Problem solve Get help with specific problems with your technologies, process and projects.

Best practices for preventing DNS/DoS attacks

User Parthasarathy Mandayam shares common sense best practices for protecting your system from DNS and DoS attacks.

Many corporate Web sites have suffered from illegal denial-of-service (DoS) attacks more than once. The companies that learn how to turn these experiences to their advantage go a long way to ensuring it doesn't happen again. Sometimes there's nothing like adversity to give you a new look at your surroundings. And the events of a network attack can uncover some very important mistakes and provide you with more than a few lessons. Turning these lessons into best practices is where the rewards of such adversity are realized. You can arrive at these best practices by asking yourself: "How are we vulnerable?" The following best practices are a sample of some of the common conclusions companies have come to following a DoS attack.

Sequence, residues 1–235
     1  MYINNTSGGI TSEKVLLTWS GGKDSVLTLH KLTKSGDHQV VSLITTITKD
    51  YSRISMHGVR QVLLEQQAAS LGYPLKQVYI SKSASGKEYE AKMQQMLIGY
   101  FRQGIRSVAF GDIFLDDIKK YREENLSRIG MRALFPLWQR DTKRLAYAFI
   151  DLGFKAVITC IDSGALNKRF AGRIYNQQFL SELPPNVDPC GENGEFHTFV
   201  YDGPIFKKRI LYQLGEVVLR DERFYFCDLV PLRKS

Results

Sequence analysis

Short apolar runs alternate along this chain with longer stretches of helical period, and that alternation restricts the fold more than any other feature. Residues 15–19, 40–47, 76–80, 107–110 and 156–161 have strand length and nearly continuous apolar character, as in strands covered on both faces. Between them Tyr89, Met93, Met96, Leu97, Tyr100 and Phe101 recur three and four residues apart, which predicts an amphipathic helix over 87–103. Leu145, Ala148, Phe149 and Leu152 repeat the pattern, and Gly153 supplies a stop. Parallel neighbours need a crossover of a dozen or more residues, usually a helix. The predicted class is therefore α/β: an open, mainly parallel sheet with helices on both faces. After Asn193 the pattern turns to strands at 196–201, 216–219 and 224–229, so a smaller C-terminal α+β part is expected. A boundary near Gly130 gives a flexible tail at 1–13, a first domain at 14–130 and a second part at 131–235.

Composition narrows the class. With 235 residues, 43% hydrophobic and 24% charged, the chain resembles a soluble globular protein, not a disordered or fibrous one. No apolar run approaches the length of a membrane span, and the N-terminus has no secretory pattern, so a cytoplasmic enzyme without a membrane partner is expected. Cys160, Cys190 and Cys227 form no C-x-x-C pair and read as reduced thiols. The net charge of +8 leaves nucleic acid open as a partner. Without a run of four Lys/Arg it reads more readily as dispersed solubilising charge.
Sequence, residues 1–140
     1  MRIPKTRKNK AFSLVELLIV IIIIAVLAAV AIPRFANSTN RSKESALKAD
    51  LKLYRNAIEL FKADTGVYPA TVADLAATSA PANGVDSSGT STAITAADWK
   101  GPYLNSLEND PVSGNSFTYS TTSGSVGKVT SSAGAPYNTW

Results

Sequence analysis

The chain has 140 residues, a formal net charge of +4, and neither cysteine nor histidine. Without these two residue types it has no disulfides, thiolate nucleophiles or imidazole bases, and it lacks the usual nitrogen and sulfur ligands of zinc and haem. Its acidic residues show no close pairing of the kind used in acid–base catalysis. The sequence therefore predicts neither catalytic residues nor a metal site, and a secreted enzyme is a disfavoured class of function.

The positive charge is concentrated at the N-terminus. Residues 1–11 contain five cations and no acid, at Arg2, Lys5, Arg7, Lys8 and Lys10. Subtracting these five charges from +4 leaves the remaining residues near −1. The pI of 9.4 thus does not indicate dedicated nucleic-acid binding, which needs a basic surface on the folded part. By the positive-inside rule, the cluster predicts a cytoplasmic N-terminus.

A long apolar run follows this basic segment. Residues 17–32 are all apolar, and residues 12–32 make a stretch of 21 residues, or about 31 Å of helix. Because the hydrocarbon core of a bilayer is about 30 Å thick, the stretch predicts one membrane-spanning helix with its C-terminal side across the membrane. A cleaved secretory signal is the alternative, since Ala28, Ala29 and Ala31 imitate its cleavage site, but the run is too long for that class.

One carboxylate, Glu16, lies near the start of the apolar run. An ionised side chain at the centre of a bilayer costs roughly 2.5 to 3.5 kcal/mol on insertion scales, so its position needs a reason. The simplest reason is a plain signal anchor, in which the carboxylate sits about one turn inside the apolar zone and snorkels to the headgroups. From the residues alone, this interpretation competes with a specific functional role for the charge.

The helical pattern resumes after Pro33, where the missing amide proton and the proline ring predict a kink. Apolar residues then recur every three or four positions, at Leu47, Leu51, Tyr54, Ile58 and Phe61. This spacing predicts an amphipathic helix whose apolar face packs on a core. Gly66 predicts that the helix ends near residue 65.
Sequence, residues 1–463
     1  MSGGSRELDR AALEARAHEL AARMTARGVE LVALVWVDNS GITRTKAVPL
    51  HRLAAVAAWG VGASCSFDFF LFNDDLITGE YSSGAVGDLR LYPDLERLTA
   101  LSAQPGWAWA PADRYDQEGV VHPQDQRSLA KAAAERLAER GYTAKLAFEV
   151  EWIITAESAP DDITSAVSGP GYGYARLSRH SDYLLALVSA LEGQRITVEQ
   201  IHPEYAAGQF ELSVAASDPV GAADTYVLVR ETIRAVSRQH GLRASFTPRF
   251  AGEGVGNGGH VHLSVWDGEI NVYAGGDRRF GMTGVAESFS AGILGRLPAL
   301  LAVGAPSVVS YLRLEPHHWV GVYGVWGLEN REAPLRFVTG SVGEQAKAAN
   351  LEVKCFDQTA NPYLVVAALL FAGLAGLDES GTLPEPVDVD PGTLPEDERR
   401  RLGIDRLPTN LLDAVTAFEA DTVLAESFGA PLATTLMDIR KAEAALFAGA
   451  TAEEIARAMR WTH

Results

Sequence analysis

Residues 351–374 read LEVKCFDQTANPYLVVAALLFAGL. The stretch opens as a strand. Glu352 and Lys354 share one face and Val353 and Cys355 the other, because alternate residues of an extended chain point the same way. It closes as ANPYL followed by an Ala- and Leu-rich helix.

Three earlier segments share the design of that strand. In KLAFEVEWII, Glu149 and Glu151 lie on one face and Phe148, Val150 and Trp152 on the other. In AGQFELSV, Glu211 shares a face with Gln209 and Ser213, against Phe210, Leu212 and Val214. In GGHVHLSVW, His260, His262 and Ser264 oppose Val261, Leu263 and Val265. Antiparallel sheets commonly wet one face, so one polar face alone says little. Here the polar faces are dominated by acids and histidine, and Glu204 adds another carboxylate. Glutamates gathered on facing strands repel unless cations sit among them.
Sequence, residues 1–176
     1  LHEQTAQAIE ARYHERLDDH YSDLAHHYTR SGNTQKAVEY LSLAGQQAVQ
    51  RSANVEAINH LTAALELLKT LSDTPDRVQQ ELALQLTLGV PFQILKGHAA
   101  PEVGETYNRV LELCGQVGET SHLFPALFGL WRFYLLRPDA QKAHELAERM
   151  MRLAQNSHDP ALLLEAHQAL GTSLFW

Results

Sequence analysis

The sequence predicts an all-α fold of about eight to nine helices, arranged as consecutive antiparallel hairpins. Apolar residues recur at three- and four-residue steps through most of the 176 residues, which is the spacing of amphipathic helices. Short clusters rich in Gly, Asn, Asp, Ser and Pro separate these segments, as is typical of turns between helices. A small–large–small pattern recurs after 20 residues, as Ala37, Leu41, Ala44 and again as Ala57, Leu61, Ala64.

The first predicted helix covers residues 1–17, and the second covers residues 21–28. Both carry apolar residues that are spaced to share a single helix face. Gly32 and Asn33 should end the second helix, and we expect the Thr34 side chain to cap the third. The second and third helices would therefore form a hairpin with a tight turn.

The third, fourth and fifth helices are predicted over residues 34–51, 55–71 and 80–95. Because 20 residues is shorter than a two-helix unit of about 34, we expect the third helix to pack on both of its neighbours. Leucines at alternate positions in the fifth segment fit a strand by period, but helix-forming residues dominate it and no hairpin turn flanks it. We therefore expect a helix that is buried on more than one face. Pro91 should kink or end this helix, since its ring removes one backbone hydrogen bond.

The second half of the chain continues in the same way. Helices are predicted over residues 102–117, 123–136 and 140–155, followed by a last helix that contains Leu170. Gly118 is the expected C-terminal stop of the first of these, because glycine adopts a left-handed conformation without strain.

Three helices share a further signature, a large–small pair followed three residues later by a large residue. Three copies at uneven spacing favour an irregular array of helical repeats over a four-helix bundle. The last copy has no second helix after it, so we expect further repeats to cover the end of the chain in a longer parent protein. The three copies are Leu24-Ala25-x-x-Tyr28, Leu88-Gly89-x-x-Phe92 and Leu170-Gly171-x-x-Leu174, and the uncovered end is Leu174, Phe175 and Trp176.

Practice 1: Keep an audit trail that describes what was changed and why.

Practice 2: Create interdepartmental Standard Operating Procedures (SOPs) and Emergency Operating Procedures (EOPs).

Practice 3: Understand that success can result in complacency.

Practice 4: Network monitoring isn't enough; your administrators must know your configuration in detail.

Practice 5: Test yourself both locally and over the Internet.

Practice 6: Your processes can harm you just like hackers.

Practice 7: Keep people aware of old configurations and their purpose.

Practice 8: When something is different, ask why.

Practice 9: Know the trade-offs between simplicity, cost and survivability.

Practice 10: Protect yourself against hackers.


This was last published in August 2001

Dig Deeper on Network intrusion detection and prevention and malware removal

Start the conversation

Send me notifications when other members comment.

By submitting you agree to receive email from TechTarget and its partners. If you reside outside of the United States, you consent to having your personal data transferred to and processed in the United States. Privacy

Please create a username to comment.